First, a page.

• National skill Development Program’s ‘Enabling women Enterpreneur’s skilling initiative’
  • Special Provision of 3% public procurement for MSMEs owned by women.

Role of Niti Aayog to tackle the Gender Bias in Entrepreneurship

Based on the assessments and analysis of the data from the surveys and feedback from the women entrepreneurship Ecosystem, Key areas of support were identified.

These have been developed into SIX Parallel work streams.

  • Community and Network
  • Compliance and Tax Assistance
  • Enterpreneur Skilling and Mentorship
  • Funding and Financial Assistance
  • Incubation and Acceleration
  • Marketing Assistance

ATAL INNOVATION MISSION (AIM)

Initiated by NITI Aayog in the direction of supporting budding and existing entrepreneurs in their innovation expeditions.

AIM Programs :

  • Atal Incubation centres (AICs) in Tier 1 cities
  • Atal community innovation centres (ACIC) in Tier 2/3 cities.
  • Asperational Districts across all states and Uts in India.

AIM Functions :

  • AIM Provides support to AICs and ACICs in creating world-class incubation facilities across the country.
  • Most of the AICs and ACICs are sector specific in areas such as manufacturing, transport, energy, health, education, agriculture, water sanitation, internet of things, cyber security, and promote unprecedented technological innovation in these sectors.
  • AIM also runs a challenge-based program called Atal New India Challenge (ANIC).

ANIC is an initiative aimed at supporting innovators to create products/solutions based on advanced technologies in areas of national importance and social relevance through a grant-based mechanism.

CONCLUSION AND WAY FORWARD

  • At this juncture, effective steps are needed to provide entrepreneurial awareness, Orientation and skill development programs to women.
  • There is a need for a multi-dimensional approach from different stake holders, namely government, financial institutions, NGOs, acdemic/non-academic institution, existing women entrepreneurs as well as enterprises run by men for a flexible-integrated adn coordinated specific approach.
  • The principal factor in developing entrepreneurship among women is of clearing the ground for their movement into entrepreneurship. For ages together they have been confined to a secondary role and confined to the homes and one has to make them self-reliant, self-respecting enterprising people.

(NABARD)

NATIONAL BANK FOR AGRICULTURE AND RURAL DEVELOPMENT

INCEPTION HISTORY

  • The RBI (Reserve Bank of India) at the insistence of the Government of India, Constituted a committee to Review the Arrangements for Institutional credit for Agriculture and Rural Develoment (CRAFICARD) to look into development of institutional credit in boosting rural economy.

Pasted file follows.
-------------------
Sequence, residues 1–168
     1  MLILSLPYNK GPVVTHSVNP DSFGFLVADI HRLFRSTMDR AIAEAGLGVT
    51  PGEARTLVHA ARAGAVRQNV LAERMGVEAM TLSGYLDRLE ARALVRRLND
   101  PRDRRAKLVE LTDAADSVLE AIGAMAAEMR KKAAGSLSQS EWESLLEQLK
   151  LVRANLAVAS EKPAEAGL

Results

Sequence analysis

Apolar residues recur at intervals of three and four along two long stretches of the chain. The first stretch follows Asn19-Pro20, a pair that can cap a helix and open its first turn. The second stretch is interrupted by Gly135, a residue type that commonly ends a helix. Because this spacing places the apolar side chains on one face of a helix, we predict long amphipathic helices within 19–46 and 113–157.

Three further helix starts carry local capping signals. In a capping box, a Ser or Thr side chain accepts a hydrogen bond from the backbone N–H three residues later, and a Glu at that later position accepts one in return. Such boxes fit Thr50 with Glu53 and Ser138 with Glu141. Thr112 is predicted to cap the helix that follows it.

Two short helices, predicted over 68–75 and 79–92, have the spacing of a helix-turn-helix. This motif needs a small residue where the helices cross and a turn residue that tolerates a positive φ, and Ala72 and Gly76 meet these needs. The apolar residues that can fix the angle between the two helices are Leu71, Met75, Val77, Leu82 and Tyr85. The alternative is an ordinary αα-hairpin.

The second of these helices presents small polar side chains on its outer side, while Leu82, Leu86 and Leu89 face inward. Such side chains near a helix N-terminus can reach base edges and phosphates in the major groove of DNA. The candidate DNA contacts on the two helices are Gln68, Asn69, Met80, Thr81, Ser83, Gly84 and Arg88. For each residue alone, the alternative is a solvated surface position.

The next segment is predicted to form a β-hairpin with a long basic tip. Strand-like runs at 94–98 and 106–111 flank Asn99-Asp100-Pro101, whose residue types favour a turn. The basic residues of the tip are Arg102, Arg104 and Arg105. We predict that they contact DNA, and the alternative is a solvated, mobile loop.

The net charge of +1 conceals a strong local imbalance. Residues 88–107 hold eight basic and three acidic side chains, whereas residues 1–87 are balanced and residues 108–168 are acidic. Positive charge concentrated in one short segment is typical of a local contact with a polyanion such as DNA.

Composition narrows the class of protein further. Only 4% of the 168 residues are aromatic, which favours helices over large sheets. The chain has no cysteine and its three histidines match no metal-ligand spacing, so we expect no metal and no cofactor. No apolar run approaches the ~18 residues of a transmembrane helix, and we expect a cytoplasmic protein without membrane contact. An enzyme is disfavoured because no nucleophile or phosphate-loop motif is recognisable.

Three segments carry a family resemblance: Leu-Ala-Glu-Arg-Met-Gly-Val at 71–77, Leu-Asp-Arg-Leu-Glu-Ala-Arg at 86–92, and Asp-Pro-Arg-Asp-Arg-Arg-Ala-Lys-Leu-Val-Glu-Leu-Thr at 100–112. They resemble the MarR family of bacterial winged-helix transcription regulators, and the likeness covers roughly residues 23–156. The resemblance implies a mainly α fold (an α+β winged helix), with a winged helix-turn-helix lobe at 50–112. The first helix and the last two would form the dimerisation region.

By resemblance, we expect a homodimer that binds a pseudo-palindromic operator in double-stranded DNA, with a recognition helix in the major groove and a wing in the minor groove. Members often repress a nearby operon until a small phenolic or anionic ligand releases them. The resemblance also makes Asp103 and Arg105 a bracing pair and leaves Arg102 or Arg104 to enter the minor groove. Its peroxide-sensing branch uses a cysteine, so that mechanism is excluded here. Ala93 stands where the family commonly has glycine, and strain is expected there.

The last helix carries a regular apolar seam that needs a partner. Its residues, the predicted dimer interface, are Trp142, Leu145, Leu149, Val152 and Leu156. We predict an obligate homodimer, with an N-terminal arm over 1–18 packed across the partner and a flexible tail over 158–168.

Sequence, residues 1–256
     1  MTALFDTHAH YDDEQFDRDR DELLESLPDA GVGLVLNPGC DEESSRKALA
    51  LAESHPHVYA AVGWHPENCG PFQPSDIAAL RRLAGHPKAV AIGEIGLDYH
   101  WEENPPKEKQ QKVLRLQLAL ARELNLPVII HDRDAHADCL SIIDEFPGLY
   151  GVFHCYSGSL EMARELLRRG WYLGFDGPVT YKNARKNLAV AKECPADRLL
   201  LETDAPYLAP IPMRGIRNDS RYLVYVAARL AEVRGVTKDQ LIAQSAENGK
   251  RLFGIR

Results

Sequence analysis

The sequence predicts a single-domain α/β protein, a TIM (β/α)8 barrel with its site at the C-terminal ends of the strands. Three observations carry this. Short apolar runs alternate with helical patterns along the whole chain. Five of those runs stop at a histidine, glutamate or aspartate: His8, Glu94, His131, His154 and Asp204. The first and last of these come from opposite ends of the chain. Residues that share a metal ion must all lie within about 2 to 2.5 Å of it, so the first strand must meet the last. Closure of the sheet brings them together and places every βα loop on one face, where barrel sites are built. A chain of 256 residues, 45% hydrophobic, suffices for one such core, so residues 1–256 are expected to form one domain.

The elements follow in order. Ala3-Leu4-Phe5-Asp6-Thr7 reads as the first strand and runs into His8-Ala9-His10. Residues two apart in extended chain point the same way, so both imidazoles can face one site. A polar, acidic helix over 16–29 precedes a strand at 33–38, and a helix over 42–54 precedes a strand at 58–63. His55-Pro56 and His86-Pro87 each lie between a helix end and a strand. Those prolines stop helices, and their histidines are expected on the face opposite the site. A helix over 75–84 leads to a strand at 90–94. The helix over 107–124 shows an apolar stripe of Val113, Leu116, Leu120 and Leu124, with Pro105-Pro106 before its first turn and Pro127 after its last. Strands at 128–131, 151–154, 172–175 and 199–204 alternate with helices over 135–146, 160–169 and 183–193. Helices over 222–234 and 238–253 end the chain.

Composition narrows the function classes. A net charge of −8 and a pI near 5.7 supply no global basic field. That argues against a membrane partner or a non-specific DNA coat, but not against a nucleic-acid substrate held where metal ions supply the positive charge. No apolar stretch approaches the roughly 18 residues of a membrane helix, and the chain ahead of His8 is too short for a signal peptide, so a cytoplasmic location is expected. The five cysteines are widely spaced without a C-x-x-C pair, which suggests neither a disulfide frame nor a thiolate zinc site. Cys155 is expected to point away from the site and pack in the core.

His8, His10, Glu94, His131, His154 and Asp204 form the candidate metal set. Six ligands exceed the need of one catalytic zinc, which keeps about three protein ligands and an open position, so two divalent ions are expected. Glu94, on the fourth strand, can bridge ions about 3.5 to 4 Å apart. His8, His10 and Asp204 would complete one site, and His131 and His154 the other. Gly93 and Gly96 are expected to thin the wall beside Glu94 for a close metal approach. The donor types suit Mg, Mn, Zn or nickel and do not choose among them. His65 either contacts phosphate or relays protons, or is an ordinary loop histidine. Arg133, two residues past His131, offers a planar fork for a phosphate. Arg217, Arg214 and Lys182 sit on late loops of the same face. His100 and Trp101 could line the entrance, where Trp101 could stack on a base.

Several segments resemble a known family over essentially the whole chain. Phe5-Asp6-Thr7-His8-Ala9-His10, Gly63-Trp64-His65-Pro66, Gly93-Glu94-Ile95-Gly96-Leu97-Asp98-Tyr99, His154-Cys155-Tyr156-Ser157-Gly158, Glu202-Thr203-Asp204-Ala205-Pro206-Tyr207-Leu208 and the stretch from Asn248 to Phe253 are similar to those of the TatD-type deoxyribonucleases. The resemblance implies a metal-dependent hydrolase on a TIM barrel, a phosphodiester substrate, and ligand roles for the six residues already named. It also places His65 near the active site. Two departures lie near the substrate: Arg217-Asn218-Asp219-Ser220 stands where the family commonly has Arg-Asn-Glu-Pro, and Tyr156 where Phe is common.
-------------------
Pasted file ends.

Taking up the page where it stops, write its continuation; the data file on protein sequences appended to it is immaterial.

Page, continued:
• The Committee was formed on 30 March 1979, under the chairmanship of Shri B.Sivaraman, former member of planning commission, Government of India.

The Committee’s Interim Report :

  • It Outlined the need for a new organisational device for providing undivided attention, forceful direction and pointed focus to credit related issues linked with rural development.
  • Its recommendation was formation of a unique development financial institution which would address these aspiration.
  • NABARD was approved by the Parliament through Act 61 fo 1981.
  • NABARD came into existence on 12 july, 1982 by transferring the agricultural credit functions of RBI and refinance functions of the then agricultural Refiance and Development Corporation (ARDC).
  • It was dedicated to the service of Nation by the Late PM Smt. Indira Gandhi on 5 November 1982.
  • It was set up with and Initial capital of Rs. 100 crore, it’s paid up capital stood at Rs. 14,080 crore as an 31 March 2021.
  • NABARD today is fully owned by Government of India.

VISION

It is a development Bank of the Nation for fostering Rural Prosperity.

MISSION

  • Promote sustainable and equitable agriculture and rural development.
  • Institutional Development for securing prosperity.

DEPARTMENT

BUSINESS INITIATIVES DEPARTMENT

  1. NABARD Infrastructure Development Assistance (NIDA)
  2. Direct-Refinance Assistance (DRA) to Co-Operative Banks.
  3. CREDIT FACILITY for Federations (CFF)
  4. DAIRY Processing and Infrastructure Development Fund (DIDF)
  5. FISHERIES and Aquaculture Infrastructure Development Fund (FIDF)
  6. Rural Infrastructure Assistance to State Governments (RIAS)